Murder of God’s Banker director Tom Donahue on the world’s obsession with the Mafia

murder of god's banker

Tom Donahue: “There’s something very primal about the mafia”

Tom Donahue knows a thing or two about secret societies. After diving deep into the fascinating — yet frightening — world of Roberto Calvi, a fugitive financier known as “God’s Banker”, the Emmy Award-winning director was submerged into a story of international intrigue involving the Vatican, the Mafia and neo-fascist groups in Italy.

In his new directorial outing, Donahue and his team use archival footage, stylised dramatisations and interviews to tell the story in Paramount+’s Murder of God’s Banker. What started out as an investigation into Calvi’s 1982 death (where he was found hanging on a wall), led to so much more.

Speaking to Mediaweek from his home in Los Angeles, the documentarian revealed why the world has an obsession with the Mafia – be it portrayed through series like The Sopranos or films like The Godfather franchise or even stories like Calvi’s.

“There’s something very primal about the mafia in the way it operates,” he said during the interview. “There’s inherent life and death drama in the stories. There are secret odes of silence and extreme violence.”

Calling it “a fascinating and heightened way to see our own reality”, Donahue said it was a way to “reinforce our own value systems.”

“[Audiences would] say ‘I would never do that. That’s wrong.’ It really allows you to be self righteous and still enjoy the violence.”

roberto calvi murder of god's banker

Roberto Calvi. Murder of God’s Banker. Paramount +

Docu-series allows you to dive deeper into the complex story over multiple episodes

The four part documentary delves into the layers of corruption at the root of global money and power and is complex and geopolitical — the perfect platform for a docu-series.

“It’s about American history, Italian history, the Cold War, the Catholic Church, the CIA, the Sicilian Mafia,” Donahue said. “It’s a really hard story to tell, but we realised that docu-series affords you the ability to tell it over multiple episodes.”

For Donahue, the role of the CIA was the most shocking thing he found through his research.

“I knew about the level of fear we had about communism coming out of World War Two,” he said. “But it was how the CIA meddled in the elections in Italy because they could never allow the communists to actually take power. So, there was this monolithic one party system that was hiding in plain sight.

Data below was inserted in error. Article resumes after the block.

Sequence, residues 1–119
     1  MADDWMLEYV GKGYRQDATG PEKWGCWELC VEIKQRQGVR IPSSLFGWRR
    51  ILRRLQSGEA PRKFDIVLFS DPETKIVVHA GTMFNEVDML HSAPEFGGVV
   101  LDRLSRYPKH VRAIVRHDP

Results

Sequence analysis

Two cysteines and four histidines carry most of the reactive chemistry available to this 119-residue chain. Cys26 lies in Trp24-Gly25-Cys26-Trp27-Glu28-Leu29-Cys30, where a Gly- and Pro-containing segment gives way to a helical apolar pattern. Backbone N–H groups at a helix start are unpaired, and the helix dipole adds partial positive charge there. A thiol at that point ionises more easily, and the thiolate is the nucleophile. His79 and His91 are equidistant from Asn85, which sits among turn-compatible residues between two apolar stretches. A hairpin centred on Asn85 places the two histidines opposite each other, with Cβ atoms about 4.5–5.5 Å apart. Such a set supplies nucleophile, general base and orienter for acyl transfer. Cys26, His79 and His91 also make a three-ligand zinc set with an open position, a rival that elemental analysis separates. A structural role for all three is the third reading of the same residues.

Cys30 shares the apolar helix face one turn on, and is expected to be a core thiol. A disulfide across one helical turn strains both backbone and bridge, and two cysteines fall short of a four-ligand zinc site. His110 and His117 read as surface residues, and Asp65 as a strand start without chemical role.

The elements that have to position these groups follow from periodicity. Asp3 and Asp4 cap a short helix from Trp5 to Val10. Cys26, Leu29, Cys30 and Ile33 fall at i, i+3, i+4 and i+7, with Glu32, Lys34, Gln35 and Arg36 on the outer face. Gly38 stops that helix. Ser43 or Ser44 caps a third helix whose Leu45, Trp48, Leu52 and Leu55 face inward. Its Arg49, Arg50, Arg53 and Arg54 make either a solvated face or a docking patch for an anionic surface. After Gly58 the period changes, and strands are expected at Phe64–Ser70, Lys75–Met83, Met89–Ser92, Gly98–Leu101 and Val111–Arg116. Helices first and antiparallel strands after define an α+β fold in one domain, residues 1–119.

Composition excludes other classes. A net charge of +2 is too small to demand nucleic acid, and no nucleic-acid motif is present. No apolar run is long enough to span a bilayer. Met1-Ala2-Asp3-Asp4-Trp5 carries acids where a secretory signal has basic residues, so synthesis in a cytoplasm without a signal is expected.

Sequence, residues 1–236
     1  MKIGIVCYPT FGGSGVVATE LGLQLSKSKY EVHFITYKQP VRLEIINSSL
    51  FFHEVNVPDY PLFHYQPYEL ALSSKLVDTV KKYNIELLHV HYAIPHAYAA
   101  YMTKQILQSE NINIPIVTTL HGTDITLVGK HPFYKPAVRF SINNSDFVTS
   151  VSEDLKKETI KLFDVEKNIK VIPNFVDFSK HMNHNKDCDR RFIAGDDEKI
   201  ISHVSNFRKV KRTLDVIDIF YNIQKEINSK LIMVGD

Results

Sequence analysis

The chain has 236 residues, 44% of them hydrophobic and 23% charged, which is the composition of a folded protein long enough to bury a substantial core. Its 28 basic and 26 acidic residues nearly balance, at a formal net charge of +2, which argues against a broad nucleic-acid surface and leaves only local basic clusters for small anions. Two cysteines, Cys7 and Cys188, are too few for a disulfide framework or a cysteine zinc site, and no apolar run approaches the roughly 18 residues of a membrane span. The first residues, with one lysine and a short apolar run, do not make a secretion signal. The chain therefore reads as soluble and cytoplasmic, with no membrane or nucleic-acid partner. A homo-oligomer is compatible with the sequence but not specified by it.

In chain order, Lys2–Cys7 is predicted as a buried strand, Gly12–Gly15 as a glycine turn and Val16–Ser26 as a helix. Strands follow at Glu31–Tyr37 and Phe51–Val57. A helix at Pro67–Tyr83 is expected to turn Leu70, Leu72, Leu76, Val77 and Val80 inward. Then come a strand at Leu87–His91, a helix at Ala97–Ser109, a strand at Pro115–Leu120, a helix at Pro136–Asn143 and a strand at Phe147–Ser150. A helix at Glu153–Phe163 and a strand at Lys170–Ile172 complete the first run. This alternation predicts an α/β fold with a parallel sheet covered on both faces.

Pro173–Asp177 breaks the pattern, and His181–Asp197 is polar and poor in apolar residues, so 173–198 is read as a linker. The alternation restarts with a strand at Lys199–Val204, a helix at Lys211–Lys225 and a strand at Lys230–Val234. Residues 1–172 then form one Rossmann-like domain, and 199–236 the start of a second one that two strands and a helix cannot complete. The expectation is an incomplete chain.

“It was the Vatican working with the Mafia. The American CIA made sure the communists and even the socialists, could never come to power in Italy and probably be complicit in terror bombings through the years from 1968 to 1980, culminating in the Bologna train station bombing where 82 people died.”

The institutions in the documentary would have “a lot to answer to”

Since the story deals with some of the world’s largest and notoriously closed-door institutions, Donahue said that when you ask for “permission” to get a look inside, you’re met with monumental contracts, with harsh guidelines about what can and can’t be said.

“We wouldn’t be able to have the freedom to tell the story,” he admitted. “Truthfully, if we had to get permission from the Sicilian Mafia, the CIA, the Vatican, the international banking system, you have to unfortunately always do it outside like any journalist…we don’t even want them to know about it till it’s done.”

In fact, some of the topics the story investigates are so under lock and key, that these institutions would have “a lot to answer to”.

“I think the thing about this story or the overall theme of the story, the thing that connects all the different strands, are these huge institutions that are corrupt, because they have no accountability to the public,” he said before adding: “Everything is done by these patriarchal systems by these people in power secretly and that’s ultimately the problem.

“Whether it’s the Vatican, the mafia, the CIA, the secret Masonic Lodge, it’s all about men operating in secret. And that leads to corruption. So how could they be happy with that story?”

tom donahue murder of god's banker

Documentarian and director of Murder of God’s Banker, Tom Donahue.

Tom Donahue explains why dramatisations enhanced Murder of God’s Banker

The story of Calvi may have ended in 1982 with his death; however, it was just the tip of the ice-berg of a narrative that spans over 70 years. In saying this, coming across footage and interviewees proved to be challenging, so Donahue and his team used dramatisation to enhance their storytelling.

“Most of the people involved, the key players are dead,” he said. “But there’s a few that were alive, and there are the secret organisations, but they don’t take a lot of pictures, they don’t keep a big archive that’s accessible to public. So we have to visualise what it would be like, and it adds a certain level of drama. 

“I wanted to add motion comics that felt like film noir, because I felt like that it was the feeling of German expressionism, of men operating in the shadows.”

Stream Murder of God’s Banker on Paramount+ now.

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